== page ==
Yesterday, H.L. Mencken inspired a post on historical NOOB portmanteau word “smog,” and now here’s another one, of a slightly earlier vintage. “Brunch” apparently originated as university slang. The Independent reported in 1895, “Breakfast is ‘brekker’ in the Oxford tongue; when a man makes lunch his first meal of the day it becomes ‘brunch’…” Five years later the word had spread far enough for the Westminster Gazette to use it (in quotation marks) as the punchline of a comic poem: “Perish Scrambling breakfast, formal lunch!/Hardened night-birds fondly cherish/All the subtle charms of ‘brunch’.”

“Brunch” took a while to catch on in the United States. The first American citation in the OED is from 1930; as late as 1939, the New York Times felt the need to put the word in quotes and define it as “the present-day phenomenon of the breakfast-luncheon, or ‘brunch,’ as it is affectionately called.”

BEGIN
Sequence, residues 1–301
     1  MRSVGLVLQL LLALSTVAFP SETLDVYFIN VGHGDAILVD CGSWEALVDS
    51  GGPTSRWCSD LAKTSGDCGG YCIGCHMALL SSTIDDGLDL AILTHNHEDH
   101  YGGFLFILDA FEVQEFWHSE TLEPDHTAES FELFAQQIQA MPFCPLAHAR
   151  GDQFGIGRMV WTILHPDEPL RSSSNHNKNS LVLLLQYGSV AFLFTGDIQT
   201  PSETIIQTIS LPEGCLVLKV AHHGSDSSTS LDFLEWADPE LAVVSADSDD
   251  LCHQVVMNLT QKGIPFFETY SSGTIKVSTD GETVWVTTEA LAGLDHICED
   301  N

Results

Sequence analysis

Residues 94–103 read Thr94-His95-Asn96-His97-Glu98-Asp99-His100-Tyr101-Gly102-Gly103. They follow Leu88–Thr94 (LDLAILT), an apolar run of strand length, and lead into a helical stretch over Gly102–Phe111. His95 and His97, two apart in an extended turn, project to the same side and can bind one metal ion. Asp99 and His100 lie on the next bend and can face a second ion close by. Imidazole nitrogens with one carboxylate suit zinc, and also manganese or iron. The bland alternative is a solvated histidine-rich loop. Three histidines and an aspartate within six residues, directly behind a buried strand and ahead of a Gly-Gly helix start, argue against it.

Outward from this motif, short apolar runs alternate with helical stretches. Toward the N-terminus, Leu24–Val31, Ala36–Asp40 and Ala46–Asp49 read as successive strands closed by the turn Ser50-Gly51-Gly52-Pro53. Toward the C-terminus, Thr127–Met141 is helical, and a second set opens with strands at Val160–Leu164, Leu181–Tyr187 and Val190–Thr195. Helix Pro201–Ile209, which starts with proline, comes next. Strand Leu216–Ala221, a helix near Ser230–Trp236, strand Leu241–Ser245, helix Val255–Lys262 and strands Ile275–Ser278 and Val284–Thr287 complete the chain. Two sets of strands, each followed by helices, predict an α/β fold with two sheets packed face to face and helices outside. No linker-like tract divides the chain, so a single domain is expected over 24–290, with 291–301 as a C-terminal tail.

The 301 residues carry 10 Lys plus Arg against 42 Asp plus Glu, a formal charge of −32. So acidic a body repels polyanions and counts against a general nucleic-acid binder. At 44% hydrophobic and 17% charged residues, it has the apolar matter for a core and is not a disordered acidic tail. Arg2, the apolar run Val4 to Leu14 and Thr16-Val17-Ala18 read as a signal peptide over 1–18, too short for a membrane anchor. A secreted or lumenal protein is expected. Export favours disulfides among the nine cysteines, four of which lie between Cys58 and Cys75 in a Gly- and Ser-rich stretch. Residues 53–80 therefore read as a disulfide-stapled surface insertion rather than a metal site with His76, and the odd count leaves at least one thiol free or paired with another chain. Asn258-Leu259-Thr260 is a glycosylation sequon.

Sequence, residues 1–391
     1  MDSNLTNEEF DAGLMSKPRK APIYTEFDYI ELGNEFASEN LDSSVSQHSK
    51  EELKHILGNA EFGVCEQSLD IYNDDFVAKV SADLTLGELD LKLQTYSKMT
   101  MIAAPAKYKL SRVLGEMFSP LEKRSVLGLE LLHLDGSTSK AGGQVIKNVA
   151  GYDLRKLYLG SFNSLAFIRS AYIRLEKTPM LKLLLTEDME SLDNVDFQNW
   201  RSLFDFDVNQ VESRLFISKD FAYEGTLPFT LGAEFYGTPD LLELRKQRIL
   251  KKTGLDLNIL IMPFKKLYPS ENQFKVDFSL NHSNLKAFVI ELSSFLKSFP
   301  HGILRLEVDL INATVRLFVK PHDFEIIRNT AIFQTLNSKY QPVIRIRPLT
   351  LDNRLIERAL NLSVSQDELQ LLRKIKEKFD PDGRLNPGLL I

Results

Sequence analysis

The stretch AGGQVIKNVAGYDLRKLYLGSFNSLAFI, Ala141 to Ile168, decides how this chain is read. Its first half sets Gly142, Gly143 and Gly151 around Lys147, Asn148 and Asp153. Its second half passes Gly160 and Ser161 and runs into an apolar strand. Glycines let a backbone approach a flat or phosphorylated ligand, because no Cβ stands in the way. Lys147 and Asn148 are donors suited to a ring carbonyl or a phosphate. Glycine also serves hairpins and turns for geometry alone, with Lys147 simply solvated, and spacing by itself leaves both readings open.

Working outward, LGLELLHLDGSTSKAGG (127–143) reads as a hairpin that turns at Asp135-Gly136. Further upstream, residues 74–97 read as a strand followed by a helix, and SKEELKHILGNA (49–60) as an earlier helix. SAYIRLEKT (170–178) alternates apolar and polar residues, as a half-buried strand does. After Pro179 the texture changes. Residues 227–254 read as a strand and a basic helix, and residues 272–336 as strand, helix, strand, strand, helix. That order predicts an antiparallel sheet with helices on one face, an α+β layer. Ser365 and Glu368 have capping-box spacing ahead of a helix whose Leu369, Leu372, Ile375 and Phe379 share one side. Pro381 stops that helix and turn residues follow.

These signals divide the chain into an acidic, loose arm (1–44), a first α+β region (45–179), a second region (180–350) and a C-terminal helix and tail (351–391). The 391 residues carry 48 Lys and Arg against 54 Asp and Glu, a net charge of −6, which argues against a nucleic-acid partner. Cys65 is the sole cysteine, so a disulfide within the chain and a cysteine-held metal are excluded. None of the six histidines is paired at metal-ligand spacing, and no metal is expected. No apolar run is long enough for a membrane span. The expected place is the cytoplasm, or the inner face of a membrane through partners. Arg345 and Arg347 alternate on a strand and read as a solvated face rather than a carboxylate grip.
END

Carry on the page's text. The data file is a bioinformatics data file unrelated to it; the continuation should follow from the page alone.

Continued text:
That was then, this is now. Ngram Viewer shows that right about the time of the Times article, Americans passed Britons in their use of “brunch” and have stayed comfortably ahead ever since.

What’s more, round about 2000, Americans stole the British “boozy” and came up with the “boozy brunch,” meaning that for a set price, you can have all the mimosas you want.

One thought on ““Brunch”

  1. Ha! So that’s why I thought we Brits got ‘brunch’ from America! Whereas ‘brekker’ (which I’ve been known to say) has always sounded British or Australian.

    You may be interested in this US English page, Ben: https://rachelsenglish.com/phrasal-verb-price/

    *None* of the phrasal verbs she mentions correspond to British English. We only use ‘to price out’ for e.g. ‘priced out of the market’. To price up has a different and specific meaning in the UK, and I’ve never heard ‘to price down’ used in any way at all; for her meaning we’d favour ‘to reduce’ (the price).

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